June 12, 2016…The day my journey began as an MS-3. My first rotation as a junior medical student: family medicine, Location: Community Health Network Family Clinic in Lawrence Township, Indiana. The night before I was set to start, I couldn’t help but feel nervous. The last two years I spent studying notes, attending/watching lectures, and mastering theory; now, it was all real…true patient care. More than anything, I think I was nervous because I didn’t know what to expect; I didn’t know what I was supposed to do in clinic, I didn’t know the electronic medical record software, and most importantly, I didn’t know the attendings or the clinic support staff….I Only got 4 hours of sleep that night as I reviewed and re-reviwed my clerkship objectives, expectations, and did a rapid review of my H&P card.
The next morning, a nice sunny summer Thursday I showed up to clinic, nice purple shirt with purple stripe tie, my Maxwell quick review in one pocket, and my brand new Littmann Master of Cardiology IV stethoscope. Heck, I looked so sharp, if anyone in the streets would have seen me, I could have passed as a big time chief medical officer hehehe. As soon as I stepped into the clinic, nervous and all, I remember what a lot of my mentors in the past told me…”fake till you make it”. Hence, with upright posture, chest pumped out, I introduced myself to the attenginds and staff as the new MS-3 medical student on board. Everyone was so nice and welcoming that I soon felt at ease and was able to establish good rapport. I have always believed in being humble, working hard, giving nothing but the best, and no matter, if you don’t know something, always asked for help politely! Never be afraid to ask for help! You must know your strengths and weaknesses.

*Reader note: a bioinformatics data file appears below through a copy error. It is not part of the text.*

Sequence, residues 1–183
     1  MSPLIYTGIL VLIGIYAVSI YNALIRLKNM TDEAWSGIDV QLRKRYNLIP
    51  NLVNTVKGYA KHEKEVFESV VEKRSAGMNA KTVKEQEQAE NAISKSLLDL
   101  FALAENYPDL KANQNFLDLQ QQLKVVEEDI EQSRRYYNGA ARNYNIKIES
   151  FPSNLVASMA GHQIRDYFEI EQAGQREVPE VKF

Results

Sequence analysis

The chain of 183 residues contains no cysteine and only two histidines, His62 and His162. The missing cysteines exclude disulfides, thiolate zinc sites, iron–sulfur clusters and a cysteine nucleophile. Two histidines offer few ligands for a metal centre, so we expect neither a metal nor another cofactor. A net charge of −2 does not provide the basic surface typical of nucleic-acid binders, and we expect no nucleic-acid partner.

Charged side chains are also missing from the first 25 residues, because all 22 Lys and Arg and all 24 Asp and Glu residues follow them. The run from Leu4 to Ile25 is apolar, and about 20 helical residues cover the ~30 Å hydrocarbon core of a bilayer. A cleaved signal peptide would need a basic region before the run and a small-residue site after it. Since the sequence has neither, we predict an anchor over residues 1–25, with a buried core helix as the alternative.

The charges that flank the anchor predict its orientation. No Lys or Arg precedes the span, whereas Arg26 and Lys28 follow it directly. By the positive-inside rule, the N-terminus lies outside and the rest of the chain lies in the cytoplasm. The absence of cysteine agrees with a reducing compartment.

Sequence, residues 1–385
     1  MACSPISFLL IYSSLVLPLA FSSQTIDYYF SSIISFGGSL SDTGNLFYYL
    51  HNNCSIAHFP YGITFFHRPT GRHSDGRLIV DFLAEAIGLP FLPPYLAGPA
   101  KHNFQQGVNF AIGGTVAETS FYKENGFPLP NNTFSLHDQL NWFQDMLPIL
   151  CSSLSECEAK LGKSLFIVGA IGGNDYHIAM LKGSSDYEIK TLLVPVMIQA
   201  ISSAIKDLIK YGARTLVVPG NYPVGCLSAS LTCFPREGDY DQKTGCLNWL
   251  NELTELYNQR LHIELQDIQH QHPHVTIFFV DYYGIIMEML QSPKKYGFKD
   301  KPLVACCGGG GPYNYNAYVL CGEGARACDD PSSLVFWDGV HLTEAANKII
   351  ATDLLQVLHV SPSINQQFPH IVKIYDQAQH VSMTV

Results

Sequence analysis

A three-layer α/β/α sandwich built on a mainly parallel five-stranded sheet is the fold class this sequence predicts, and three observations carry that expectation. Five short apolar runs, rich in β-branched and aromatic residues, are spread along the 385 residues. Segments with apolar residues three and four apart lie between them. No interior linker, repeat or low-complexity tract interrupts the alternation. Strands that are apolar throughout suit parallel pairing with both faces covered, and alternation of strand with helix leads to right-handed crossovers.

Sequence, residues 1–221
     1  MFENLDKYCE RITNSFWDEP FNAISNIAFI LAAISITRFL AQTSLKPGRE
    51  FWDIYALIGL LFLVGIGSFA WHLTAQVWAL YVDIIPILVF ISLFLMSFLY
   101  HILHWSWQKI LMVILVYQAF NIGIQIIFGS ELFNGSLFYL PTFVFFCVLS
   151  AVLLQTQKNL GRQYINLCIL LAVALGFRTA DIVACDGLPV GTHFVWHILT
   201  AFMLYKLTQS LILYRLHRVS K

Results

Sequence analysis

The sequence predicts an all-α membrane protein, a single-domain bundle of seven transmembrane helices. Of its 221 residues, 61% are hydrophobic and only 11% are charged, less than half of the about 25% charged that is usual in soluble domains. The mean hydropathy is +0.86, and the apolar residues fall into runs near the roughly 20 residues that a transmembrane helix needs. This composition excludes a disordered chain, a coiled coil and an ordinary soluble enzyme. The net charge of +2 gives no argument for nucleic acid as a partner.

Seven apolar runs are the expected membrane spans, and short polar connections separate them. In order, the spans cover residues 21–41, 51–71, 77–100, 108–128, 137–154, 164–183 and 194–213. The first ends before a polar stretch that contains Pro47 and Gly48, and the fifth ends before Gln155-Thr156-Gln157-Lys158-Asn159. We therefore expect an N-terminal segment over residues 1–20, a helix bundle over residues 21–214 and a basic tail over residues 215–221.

I was assigned two preceptors, Dr. Christopher Arata and Dr. Danielle Watkins, two amazing family medicine physicians. They showed me my work cubicle and what would be expected of me as well as daily schedules and procedures. Next up was seeing my first patient. I quickly glanced at the EMR and reviewed their last visit, clinic and physician note, as well as the reason for their visit today. In my mind I was already forming a differential diagnosis based on age, sex, gender, past medical history, and current chief complain. I finally connected the dots between our Intro to Clinic Medicine class and the last two years worth of classes. I felt our Physical Diagnosis class had prepared me really well for this moment. And not only that, this was the moment I had worked so hard for, the moment I had lost sleep, hair, and sacrificed so much for!
I took a deep breath, scrubbed my hands and knocked on the door before entering the room…my heart was pounding! To my surprise, as soon as In introduced myself to my patient, everything else just flew on smoothly. I have always been able to connect with my patients very quickly as establishing rapport with them is vital as I have come to learn. Subsequently, I conducted my HPI, H&P and Review of System as well as physical exam smoothly. As I reflect back now, I am not surprised how well I was able to conduct my interview and physical exams. IU Med had prepared me too well. I can now understand why our curriculum is so rigorous and demanding…it made me a well rounded and prepared MS-3.